Legacies of the Rue Morgue: Science, Space, and Crime Fiction in France

Legacies of the Rue Morgue: Science, Space, and Crime Fiction in France

Legacies of the Rue Morgue: Science, Space, and Crime Fiction in France

Legacies of the Rue Morgue: Science, Space, and Crime Fiction in France


Taking Edgar Allan Poe's 1841 "The Murders in the Rue Morgue" as an inaugural frame, Andrea Goulet traces shifting representations of violence, space, and nation in French crime fiction from serial novels of the 1860s to cyberpunk fictions today. She argues that the history of spatial sciences--geology, paleontology, cartography--helps elucidate the genre's fundamental tensions: between brutal murder and pure reason; historical past and reconstructive present; national identity and global networks.

As the sciences underlying her analysis make extensive use of strata and grids, Goulet employs vertical and horizontal axes to orient and inform her close readings of crime novels. Vertically, crimes that take place underground subvert above-ground modernization, and national traumas of the past haunt present criminal spaces. Horizontally, abstract crime scene maps grapple with the sociological realities of crime, while postmodern networks of international data trafficking extend colonial anxieties of the French nation.

Crime gangs in the catacombs of 1860s Paris. Dirt-digging detectives in coastal caves at the fin-de-siècle. Schizoid cartographers in global cyberspace. Crime fiction's sites of investigation have always exposed central rifts in France's national identity while signaling broader, enduring unease with violent disruptions to social order. Reading murder novels of the last 150 years in the context of shifting sciences, Legacies of the Rue Morgue provides a new spatial history of modern crime fiction.


Why France? readers of Edgar Allan Poe’s “The Murders in the Rue Morgue” may ask. What led the American tale-teller of gothic suspense to set the first modern detective story in contemporary Paris and to name it, morbidly, for a fictional street in the real Quartier St. Roch? As Baudelaire enjoyed pointing out, Poe had never set foot in France when he wrote the first Dupin mystery, published in the April 1841 issue of Graham’s Magazine. But he had feathered the path of his worldly ambitions with French or French-sounding pseudonyms (“Henri Le Rennet”), characters (“The Duke de l’Omelette”), and epigraphs (La Bruyère’s “Ce grand malheur, de ne pouvoir être seul”) for years. Still, the specificity of “The Murders in the Rue Morgue” ’s location and its linkage of criminality to nationhood goes beyond the mere patina of glamor associated with Paris. This was a city where the Gazette des Tribunaux spread grisly details about domestic crimes to a readership in the thousands, and where a former thief, Eugène François Vidocq, could become director of the Sûreté Nationale, establish a detective agency, and publish his memoirs to worldwide renown. By referencing the Gazette and Vidocq in his tale of ratiocination, Poe was speaking in 1841 what may now be called “Global French,” a language that paradoxically reaches transnational proportions through local particularity.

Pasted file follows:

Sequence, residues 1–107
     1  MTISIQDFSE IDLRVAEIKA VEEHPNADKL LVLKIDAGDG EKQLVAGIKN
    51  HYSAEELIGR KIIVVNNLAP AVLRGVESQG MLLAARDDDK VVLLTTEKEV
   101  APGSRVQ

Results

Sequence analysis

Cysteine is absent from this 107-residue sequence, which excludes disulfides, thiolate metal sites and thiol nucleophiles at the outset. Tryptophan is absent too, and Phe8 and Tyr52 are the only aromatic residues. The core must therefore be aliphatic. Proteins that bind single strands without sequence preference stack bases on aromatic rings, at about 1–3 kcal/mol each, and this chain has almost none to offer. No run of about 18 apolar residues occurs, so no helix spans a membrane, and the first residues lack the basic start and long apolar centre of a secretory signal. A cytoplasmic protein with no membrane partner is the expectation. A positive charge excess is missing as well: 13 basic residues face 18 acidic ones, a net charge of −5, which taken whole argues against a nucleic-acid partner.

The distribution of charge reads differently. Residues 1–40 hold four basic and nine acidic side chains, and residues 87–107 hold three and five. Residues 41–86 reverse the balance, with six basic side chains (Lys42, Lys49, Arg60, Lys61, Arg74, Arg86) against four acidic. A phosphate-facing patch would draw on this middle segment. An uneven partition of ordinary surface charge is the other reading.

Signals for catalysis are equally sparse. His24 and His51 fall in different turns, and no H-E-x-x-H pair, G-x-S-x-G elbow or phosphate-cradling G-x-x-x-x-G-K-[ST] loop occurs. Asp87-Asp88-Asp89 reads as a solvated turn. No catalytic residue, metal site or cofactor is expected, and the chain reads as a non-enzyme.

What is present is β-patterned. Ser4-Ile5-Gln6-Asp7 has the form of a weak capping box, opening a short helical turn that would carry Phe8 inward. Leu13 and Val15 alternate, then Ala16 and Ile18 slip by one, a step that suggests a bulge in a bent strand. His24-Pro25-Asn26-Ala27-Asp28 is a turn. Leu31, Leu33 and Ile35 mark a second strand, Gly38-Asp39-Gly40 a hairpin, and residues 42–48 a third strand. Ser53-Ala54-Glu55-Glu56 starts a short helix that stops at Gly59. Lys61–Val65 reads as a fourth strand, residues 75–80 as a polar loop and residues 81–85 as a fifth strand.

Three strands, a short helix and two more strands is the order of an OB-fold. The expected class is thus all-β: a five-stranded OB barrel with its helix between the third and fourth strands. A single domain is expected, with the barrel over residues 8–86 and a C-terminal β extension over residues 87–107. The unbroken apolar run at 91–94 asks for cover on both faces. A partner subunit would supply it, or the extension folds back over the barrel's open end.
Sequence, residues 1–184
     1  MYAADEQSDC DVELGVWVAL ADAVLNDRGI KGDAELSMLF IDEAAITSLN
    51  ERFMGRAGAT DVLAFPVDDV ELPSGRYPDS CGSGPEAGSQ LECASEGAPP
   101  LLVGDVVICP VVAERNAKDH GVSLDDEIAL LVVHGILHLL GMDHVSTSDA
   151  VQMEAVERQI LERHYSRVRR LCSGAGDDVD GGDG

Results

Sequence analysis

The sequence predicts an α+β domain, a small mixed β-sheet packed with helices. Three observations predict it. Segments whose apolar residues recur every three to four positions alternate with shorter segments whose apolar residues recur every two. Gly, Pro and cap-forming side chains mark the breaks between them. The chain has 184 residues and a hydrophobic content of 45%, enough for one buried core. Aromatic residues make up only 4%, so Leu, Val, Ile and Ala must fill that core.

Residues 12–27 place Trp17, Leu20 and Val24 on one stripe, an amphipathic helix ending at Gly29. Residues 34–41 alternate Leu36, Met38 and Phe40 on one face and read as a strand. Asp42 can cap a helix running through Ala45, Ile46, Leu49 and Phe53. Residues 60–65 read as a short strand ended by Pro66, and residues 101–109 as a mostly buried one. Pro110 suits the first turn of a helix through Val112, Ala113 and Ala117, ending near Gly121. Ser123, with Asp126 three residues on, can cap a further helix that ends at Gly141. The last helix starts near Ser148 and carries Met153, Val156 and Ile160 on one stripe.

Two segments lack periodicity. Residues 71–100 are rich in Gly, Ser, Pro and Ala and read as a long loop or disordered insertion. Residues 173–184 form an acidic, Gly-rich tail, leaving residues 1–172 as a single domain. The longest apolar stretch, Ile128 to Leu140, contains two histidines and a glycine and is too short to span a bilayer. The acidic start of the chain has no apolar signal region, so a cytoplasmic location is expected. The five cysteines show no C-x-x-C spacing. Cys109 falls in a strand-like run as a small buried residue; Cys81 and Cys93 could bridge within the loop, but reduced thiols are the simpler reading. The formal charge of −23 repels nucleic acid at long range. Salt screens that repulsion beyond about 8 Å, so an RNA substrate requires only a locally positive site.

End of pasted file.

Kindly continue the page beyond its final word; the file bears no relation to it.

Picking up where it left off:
Local: a double murder in a home situated between the first arrondissement’s Rue St. Roch and Rue Richelieu; Global: shifting demographics and topographies of crime in modern metropolitan areas like Paris, London, and New York. Local: witnesses in the apartment building are questioned for testimony; Global: interpreters are called in, as these inhabitants of Paris hail from Italy, England, Spain, Holland, and France (Dupin calls them “denizens of the five great divisions of Europe”). Local: an amateur detective faces off with the Prefecture of Police; Global: nation-states of the early nineteenth century negotiate between vigilantism and official institutions of judiciary power. Local: Dupin consults both the Gazette des Tribunaux and Le Monde . . .

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